Alan was a key member of the 1969 Championship winning side, with the county’s success culminating in Don Shepherd and Majid Khan being recognised amongst Wisden’s five Cricketers of the Year in 1970. A key factor in that side’s success, he remembers, was the players’ pride in representing the county and wearing the daffodil – a trait which arguably runs through any successful Glamorgan side.
Regarded as one of the greatest players never to have represented England, Alan thought that his chance had finally come when, in 1970, he was selected to represent England against a Rest of the World side. As shown on the evening, the official scorecard recognises that the match was one of “five test matches” played “under normal test match conditions”, although records at Lord’s have been redacted and the match downgraded – although Alan was presented, years later by former ECB Director of Cricket Andrew Strauss, with an England cap in recognition of his selection.
Closer to home, Alan was also instrumental in events which led to the formation of the St. Helen’s Balconiers in 1972. A partnership of 330 with West Indian opening partner Roy Fredericks against Northamptonshire at Swansea was deemed worthy of an additional collection for Alan’s benefit season by supporters who would sit on the balcony in front of what is now the clubhouse. It is fitting, therefore, that Alan is now also President of the Balconiers.
Another career highlight came when Alan captained Glamorgan at Lord’s against Middlesex in the 1977 Gillette Cup Final, a match which, although it ultimately ended in disappointment, is one which will forever be remembered in Wales for Mike Llewellyn’s massive six-hit against England spinner John Emburey into the pavilion, one of the biggest ever seen at the ‘Home of Cricket’.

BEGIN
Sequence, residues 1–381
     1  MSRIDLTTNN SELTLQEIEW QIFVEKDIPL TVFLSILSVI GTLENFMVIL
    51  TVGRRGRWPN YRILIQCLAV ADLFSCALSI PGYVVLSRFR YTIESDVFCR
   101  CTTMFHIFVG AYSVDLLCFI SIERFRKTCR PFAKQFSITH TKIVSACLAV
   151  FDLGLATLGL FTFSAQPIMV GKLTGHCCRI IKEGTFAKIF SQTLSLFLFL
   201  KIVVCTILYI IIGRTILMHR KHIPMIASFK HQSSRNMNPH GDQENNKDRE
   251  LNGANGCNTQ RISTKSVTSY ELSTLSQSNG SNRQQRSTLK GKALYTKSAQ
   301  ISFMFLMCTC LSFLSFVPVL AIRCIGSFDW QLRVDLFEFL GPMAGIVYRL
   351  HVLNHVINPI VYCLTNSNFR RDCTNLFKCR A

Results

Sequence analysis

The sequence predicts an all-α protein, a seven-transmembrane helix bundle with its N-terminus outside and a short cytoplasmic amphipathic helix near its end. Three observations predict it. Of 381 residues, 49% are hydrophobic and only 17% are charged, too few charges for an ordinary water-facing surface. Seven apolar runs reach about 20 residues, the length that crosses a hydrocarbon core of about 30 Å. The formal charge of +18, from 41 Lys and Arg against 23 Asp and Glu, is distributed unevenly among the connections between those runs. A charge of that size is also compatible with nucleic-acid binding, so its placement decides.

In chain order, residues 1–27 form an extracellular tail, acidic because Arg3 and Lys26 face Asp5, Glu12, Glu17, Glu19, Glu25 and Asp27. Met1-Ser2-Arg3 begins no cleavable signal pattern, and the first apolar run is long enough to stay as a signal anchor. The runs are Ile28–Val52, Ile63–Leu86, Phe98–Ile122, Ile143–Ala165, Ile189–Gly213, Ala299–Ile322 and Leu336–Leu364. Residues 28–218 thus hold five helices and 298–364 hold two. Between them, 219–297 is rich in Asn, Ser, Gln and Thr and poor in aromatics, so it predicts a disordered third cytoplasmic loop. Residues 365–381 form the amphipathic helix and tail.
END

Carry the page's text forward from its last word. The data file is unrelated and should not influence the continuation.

A far cry from the modern era of The Hundred and T20 cricket, the late 1970s were the relatively early days of one-day cricket, with competitions varying from 50 to 65 overs a side. Alan’s maiden one-day century came a year after the Lord’s final, when he scored an unbeaten 110 against Gloucestershire in Cardiff, against and attack which included Mike Procter and Brian Brain. It was also in 1978 that Alan was recognised as one of Wisden’s Five Cricketers of the Year.
Alan’s statistics as a first-class cricketer are remarkable. He scored 34,056 first-class runs, including 52 centuries, at an average of 33.03 in 610 matches for Glamorgan, amassing 1,000 runs in 23 consecutive seasons. It is somewhat surprising, in this context, that he would have to wait until 1980 for his maiden double century, a career best 204 not out at Basingstoke against Hampshire, the county against whom he played his final match for Glamorgan in 1983.
A Welshman to the core, Alan was instrumental, as head coach, in the development of arguably one of the greatest generations of Welsh cricketers ever to have worn the daffodil, one which he says benefitted from having a Colts side in the Welsh league – a move which was not without its problems, however. It was a side which, under Alan’s leadership, went on to win the 1993 AXA Equity & Law League trophy at Canterbury, and four years later lifted the County Championship trophy at Taunton when Alan had moved into a Director of Coaching role, working alongside head coach Duncan Fletcher.
Alan’s term as President comes to an end as the new combination of Director of Cricket Mark Wallace and interim head coach Matthew Maynard embark on a new era in Glamorgan’s history; fittingly, they are the only three captains in Glamorgan’s history to have led their respective sides out in a Lord’s final. A good omen for 2019, maybe?